Bosnian Serb Leader Vows To Stay
BANJA LUKA, Bosnia-Herzegovina (AP) _ The fired Bosnian Serb president vowed Thursday to stay in office, and he threatened violence against the foreign officials who dismissed him and ended Serb jurisdiction over a key Bosnian city.
``We are ready with a different kind of defense, if democratic principles are not applied,″ Nikola Poplasen said. ``The defense ... will include other arguments: sticks, stones, arms and tanks.″
U.S. Balkan envoy Robert Gelbard warned Poplasen against violence.
``Unfortunately, we have a very sad history with terrorists like Mr. Poplasen,″ he told reporters in the north Bosnian city of Banja Luka. ``We will hold him personally responsible for any attack against American citizens. Believe me.″
Carlos Westendorp, the chief international official in Bosnia, earlier this month fired the ultranationalist Poplasen, saying his hard-line policies opposed to ethnic reconciliation jeopardized the Bosnian peace accords signed in 1995.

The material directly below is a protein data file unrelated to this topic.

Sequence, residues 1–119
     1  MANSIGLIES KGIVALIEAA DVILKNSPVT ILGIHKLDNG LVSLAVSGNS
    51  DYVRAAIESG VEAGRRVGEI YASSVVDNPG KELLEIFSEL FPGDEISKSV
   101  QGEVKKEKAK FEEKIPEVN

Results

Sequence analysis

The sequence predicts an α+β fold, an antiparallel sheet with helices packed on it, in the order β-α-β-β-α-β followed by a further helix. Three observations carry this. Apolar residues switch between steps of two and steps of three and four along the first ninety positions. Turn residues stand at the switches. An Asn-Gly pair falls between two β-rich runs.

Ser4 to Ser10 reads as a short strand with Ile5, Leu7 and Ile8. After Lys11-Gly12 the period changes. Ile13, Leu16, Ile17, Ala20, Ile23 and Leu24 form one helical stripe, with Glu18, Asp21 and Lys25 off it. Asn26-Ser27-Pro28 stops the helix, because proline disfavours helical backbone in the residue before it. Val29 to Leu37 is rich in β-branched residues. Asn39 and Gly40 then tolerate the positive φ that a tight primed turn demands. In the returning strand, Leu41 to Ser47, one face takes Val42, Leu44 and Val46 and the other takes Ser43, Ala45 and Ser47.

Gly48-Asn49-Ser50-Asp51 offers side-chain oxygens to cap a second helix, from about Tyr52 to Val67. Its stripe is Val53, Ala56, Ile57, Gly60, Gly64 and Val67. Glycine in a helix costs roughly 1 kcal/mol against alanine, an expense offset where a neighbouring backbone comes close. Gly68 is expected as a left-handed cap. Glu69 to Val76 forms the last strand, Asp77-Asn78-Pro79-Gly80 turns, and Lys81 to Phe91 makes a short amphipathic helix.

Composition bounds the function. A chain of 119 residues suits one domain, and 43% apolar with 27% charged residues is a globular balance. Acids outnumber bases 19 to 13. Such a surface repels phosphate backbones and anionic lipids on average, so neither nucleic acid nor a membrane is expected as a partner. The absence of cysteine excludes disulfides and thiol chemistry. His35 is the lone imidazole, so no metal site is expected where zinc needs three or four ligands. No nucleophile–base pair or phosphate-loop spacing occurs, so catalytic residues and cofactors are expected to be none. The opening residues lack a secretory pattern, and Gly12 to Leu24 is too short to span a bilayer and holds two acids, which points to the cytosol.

Another international decision _ throwing the city of Brcko open to joint Serb, Croat and Muslim administration and ending unilateral Serb control _ angered even moderate Serb leaders opposed to Poplasen.
``I have to act according to the will of the people and the constitution,″ Poplasen said. ``I will continue performing my duty as I’m doing now.″
Both decisions triggered wide protests by Bosnian Serbs. Following threats against them, NATO-led peacekeeping troops heightened their state of readiness and increased patrols.
Poplasen was fired after he refused to appoint moderate Milorad Dodik as prime minister. Dodik has been serving in a caretaker role since Poplasen won September elections.
On Thursday, Poplasen called Dodik ``an instrument of foreign powers, which want to break up″ the Serb substate.
Another moderate and the Bosnian Serb member of the country’s joint presidency, Zivko Radisic, also denounced ``all such terrorist threats, regardless where they come from.″